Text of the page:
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Michael Cucek: Update on Japanese politics

Thursday, January 7, 2016   19:30 - 21:00

Speaker:
  • Michael Cucek (ICAS Adjunct Fellow, Adjunct Professor at Waseda University and at Temple University Japan Campus (starting Spring 2016))

Michael Cucek, ICAS Adjunct Fellow, will provide us with his stimulating annual update on Japanese politics. 2016 will be an election year (Upper House), Japan will hold the “Ise Shrine” G-7 Summit, while Tokyo continues to prepare for the Olympics. Michael will thus have a lot to to speak about.

Date & Time:
Thursday, January 7, 2016   19:30 - 21:00 (Doors open at 19:00)
Venue:
2F, Azabu Hall
Temple University, Japan Campus
2-8-12 Minami Azabu, Minato-ku, Tokyo
Moderator:
Robert Dujarric (ICAS Director)
Registration:
If possible, we ask you to register by E-mail (icas@tuj.temple.edu) , but we always welcome participants even you do not register. / 参加登録はなしでも参加できますので、直接会場へお越しください。

Speaker:

Michael Cucek

ICAS Adjunct Fellow, Adjunct Professor at Waseda University and at Temple University Japan Campus (starting Spring 2016)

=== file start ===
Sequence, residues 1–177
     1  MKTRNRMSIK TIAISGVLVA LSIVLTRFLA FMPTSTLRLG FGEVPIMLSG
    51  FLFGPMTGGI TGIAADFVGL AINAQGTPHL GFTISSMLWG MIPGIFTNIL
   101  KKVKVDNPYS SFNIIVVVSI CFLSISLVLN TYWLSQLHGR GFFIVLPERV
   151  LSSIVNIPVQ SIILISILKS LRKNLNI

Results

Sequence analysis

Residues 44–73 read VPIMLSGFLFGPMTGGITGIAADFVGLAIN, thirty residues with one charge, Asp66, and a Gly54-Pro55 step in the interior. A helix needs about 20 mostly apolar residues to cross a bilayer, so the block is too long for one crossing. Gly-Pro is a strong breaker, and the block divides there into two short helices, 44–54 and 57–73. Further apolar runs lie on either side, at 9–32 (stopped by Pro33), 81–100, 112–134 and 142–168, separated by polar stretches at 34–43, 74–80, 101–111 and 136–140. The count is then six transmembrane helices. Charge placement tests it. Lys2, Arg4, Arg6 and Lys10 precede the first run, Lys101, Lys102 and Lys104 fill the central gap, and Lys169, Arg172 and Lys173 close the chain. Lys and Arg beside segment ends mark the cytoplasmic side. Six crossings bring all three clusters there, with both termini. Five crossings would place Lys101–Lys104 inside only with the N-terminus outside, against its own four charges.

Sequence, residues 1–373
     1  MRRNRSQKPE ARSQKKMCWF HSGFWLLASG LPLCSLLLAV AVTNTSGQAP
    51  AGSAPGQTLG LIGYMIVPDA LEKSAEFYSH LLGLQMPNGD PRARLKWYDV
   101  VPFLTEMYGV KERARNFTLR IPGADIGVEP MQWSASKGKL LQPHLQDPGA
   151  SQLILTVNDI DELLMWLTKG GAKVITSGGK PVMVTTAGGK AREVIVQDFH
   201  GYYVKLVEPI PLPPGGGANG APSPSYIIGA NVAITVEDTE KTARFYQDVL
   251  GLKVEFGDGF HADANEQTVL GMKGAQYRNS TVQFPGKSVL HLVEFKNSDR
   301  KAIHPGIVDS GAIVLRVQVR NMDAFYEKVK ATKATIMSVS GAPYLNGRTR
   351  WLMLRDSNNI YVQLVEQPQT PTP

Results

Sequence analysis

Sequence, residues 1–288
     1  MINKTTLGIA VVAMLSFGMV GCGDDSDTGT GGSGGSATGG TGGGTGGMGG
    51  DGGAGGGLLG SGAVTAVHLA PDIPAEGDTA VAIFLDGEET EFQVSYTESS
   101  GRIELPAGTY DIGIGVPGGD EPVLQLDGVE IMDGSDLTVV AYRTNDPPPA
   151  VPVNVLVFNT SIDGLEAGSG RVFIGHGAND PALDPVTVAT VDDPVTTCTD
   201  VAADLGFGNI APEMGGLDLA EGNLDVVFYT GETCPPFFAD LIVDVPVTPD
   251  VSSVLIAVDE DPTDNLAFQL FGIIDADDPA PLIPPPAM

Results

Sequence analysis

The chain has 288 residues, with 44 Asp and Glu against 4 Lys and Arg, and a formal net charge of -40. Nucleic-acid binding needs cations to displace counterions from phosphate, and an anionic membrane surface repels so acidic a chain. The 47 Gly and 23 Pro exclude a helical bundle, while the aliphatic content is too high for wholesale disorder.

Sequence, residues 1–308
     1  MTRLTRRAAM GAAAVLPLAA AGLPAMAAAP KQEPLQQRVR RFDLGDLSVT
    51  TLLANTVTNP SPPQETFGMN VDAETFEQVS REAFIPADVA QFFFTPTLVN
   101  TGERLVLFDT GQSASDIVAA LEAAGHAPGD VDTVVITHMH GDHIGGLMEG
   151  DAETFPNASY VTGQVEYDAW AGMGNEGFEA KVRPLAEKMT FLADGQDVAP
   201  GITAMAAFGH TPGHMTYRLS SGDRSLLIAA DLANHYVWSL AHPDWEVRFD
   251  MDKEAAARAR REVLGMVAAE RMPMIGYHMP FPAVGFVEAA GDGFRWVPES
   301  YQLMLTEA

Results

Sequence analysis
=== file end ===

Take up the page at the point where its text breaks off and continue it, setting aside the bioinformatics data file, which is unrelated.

Michael Cucek is an analyst and author who had spent half a lifetime looking at Japan and the Japanese. An alumnus of Stanford University with graduate studies at the University of California, Santa Barbara and Columbia University, he has lived in Tokyo since 1994. An employee of a boutique research institute for 15 years, he now serves the diplomatic and financial communities as an independent consultant on Japanese politics and government policy. He is Adjunct Professor of the Faculty of Social Sciences at Waseda University, teaching political science and international relations. He was Adjunct Professor in the Faculty of Liberal Arts at Sophia University in Spring 2015, teaching courses in globalization and political leadership. In Spring 2016 he will be teaching Japan and a Changing World Order at Temple University Japan Campus and Introduction to International Politics in Fall 2016. He is the author of the blog Shisaku: Marginalia on Japanese Politics and Society (http://shisaku.blogspot.jp/  )  and has been a contributor to Foreign Policy, the East Asia ForumAl-Jazeera and The New York Times‘ Latitude blog. An Honorary Member of the Foreign Correspondents’ Club of Japan he is keenly interested East Asian cultural history, the economic development of pre-modern societies, the politics of personality, lineage and land management, the preservation of local customs and the Japanese sense of humor.